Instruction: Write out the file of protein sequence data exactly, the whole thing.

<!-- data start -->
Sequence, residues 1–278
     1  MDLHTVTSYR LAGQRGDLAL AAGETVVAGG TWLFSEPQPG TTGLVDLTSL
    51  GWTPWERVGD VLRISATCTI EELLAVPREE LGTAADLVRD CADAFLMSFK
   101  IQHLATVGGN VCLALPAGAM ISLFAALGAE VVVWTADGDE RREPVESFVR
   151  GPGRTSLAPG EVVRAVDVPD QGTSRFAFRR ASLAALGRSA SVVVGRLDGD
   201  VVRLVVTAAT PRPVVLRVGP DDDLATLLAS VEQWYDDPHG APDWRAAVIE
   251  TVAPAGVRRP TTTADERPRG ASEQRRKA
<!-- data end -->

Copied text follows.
Sequence, residues 1–278
     1  MDLHTVTSYR LAGQRGDLAL AAGETVVAGG TWLFSEPQPG TTGLVDLTSL
    51  GWTPWERVGD VLRISATCTI EELLAVPREE LGTAADLVRD CADAFLMSFK
   101  IQHLATVGGN VCLALPAGAM ISLFAALGAE VVVWTADGDE RREPVESFVR
   151  GPGRTSLAPG EVVRAVDVPD QGTSRFAFRR ASLAALGRSA SVVVGRLDGD
   201  VVRLVVTAAT PRPVVLRVGP DDDLATLLAS VEQWYDDPHG APDWRAAVIE
   251  TVAPAGVRRP TTTADERPRG ASEQRRKA